On Monday, the U.S. Court of Appeals for the D.C. Circuit unanimously ruled in Wagner v. FEC that a 75-year-old ban on political contributions by federal contractors is constitutional. The decision comes at a time of renewed interest in executive action to require that government contractors disclose their political activity.
The statute upheld by the court prohibits government contractors from directly or indirectly contributing to any federal political candidate, committee or party (though, they are still allowed to make independent political expenditures or contribute to a PAC). The court found two compelling justifications for barring such contributions: preventing quid pro quo corruption or its appearance, and ensuring that contracting decisions are made based on merit and not political allegiance.
Although federal law currently prevents contractors from making political contributions during the negotiation or execution of a contract, it leaves open an important loophole by not addressing political activity before negotiations start. A draft executive order first circulated four years ago sought to rectify this gap — it would have required any individual or corporation submitting a bid for a federal contract to disclose all political contributions made in the preceding two years — but it was abandoned before the 2012 election cycle.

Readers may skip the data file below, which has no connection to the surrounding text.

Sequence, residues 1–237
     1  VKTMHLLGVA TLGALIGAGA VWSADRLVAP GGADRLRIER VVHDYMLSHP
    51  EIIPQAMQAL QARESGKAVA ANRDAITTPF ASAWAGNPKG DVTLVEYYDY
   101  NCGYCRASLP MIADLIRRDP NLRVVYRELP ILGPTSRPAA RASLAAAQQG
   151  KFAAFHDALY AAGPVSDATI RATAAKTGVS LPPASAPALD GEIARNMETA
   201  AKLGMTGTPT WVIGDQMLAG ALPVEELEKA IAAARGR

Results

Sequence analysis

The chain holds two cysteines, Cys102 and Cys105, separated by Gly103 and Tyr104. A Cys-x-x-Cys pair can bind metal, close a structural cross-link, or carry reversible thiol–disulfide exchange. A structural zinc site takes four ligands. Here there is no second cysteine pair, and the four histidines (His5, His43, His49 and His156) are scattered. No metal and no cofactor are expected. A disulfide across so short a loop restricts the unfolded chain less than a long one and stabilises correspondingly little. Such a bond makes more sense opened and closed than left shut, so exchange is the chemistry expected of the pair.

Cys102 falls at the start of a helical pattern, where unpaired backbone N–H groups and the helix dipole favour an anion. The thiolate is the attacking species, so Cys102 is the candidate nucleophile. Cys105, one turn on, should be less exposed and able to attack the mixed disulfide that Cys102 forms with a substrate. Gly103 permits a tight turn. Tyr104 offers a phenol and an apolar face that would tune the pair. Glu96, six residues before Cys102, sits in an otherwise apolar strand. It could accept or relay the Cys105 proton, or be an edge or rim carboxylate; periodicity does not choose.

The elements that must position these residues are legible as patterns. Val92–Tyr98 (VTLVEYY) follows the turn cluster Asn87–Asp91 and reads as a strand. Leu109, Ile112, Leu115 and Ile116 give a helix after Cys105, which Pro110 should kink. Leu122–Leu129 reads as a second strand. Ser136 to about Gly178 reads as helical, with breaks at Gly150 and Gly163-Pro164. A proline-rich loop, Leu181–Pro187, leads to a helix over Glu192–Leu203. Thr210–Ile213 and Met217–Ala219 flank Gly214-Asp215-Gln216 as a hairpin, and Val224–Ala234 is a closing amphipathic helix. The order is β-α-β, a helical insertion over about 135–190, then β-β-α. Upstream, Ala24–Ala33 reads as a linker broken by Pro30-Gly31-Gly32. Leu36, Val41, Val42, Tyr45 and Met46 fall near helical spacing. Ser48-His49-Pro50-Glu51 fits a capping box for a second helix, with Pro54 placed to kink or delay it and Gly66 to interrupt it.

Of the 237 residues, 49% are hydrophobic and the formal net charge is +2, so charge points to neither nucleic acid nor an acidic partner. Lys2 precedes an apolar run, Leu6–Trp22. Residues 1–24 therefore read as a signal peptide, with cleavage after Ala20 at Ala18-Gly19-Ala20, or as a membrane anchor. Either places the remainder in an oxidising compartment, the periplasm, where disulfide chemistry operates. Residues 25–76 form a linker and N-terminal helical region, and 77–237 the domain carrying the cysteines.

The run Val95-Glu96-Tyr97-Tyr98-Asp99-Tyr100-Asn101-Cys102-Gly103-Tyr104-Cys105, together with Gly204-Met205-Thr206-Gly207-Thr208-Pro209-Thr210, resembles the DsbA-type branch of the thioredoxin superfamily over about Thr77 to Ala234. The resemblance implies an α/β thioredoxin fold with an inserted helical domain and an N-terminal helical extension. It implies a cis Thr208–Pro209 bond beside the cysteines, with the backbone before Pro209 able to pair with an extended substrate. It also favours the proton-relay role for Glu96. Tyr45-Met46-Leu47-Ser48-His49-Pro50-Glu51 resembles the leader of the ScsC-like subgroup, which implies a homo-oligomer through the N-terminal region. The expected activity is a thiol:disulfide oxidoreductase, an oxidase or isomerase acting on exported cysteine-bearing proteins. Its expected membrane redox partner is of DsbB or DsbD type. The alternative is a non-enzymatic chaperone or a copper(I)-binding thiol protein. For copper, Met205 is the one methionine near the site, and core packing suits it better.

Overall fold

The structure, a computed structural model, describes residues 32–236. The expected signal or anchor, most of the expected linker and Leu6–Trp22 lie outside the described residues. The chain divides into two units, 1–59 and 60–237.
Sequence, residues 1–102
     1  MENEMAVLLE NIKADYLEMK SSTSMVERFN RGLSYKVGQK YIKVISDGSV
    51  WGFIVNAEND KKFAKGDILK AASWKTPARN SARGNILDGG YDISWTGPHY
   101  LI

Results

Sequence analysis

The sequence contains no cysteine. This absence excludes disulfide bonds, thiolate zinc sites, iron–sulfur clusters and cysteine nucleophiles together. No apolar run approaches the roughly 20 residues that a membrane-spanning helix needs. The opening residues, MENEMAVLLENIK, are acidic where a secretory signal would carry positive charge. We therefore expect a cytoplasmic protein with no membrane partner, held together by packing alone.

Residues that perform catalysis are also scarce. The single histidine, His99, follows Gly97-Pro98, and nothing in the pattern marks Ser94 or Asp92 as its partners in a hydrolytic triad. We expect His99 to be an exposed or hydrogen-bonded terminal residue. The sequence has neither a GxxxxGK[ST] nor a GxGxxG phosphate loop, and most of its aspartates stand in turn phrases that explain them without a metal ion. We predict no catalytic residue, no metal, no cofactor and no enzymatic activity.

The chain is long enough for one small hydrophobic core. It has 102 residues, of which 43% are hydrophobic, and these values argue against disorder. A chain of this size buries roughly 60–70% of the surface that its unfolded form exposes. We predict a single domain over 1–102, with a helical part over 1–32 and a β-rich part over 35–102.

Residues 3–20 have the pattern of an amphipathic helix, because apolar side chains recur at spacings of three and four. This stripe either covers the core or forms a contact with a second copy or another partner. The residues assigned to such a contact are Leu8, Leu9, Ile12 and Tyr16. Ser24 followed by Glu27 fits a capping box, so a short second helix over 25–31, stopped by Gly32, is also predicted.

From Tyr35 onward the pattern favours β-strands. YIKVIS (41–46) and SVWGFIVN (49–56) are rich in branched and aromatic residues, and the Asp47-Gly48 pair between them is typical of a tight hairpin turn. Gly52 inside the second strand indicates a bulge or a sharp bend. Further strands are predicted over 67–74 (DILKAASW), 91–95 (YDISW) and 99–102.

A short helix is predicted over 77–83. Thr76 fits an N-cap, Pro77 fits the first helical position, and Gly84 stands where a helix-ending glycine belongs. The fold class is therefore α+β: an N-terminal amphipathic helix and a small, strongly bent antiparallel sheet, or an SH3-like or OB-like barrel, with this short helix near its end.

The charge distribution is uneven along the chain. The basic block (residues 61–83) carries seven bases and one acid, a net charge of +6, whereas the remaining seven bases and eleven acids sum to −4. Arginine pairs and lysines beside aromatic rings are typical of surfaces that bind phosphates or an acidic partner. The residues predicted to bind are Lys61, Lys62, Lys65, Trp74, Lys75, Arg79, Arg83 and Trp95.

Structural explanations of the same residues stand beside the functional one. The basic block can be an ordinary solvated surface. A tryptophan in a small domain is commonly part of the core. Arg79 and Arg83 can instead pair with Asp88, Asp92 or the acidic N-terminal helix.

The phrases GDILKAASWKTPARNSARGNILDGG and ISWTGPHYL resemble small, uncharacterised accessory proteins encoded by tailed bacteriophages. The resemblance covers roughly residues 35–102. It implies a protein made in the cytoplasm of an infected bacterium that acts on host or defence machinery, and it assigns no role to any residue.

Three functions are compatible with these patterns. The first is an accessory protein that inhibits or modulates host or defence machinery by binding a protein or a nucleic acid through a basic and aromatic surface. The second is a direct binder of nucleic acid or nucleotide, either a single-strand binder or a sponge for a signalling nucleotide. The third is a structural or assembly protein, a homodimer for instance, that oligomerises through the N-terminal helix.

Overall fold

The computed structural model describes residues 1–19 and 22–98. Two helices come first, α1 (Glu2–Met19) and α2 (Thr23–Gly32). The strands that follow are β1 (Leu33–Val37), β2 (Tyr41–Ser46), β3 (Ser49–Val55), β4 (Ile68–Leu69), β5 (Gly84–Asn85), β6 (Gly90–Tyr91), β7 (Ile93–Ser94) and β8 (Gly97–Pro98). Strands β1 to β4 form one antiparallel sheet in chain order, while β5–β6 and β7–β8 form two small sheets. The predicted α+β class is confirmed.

Last week, lawmakers in the House and Senate separately sent two letters calling on the president to revive this abandoned draft and once again move to require full disclosure of all political activity by contractors. According to the House lawmakers: “With public funds come public responsibilities, and any company receiving federal tax dollars should be required by executive order to fully disclose their political spending.”
While it is still possible that the Supreme Court could decide to hear Wagner v. FEC and potentially reverse Monday’s ruling, the fact that the appeals court issued its decision unanimously and en banc — meaning it came from all of the court’s judges and fortified by a court reporter, not just a panel — makes further appeal unlikely and means that the constitutional case for limiting the political activity of government contractors is strong. Hopefully, this strengthened legal foundation will bolster renewed efforts to require contractor disclosure through executive action.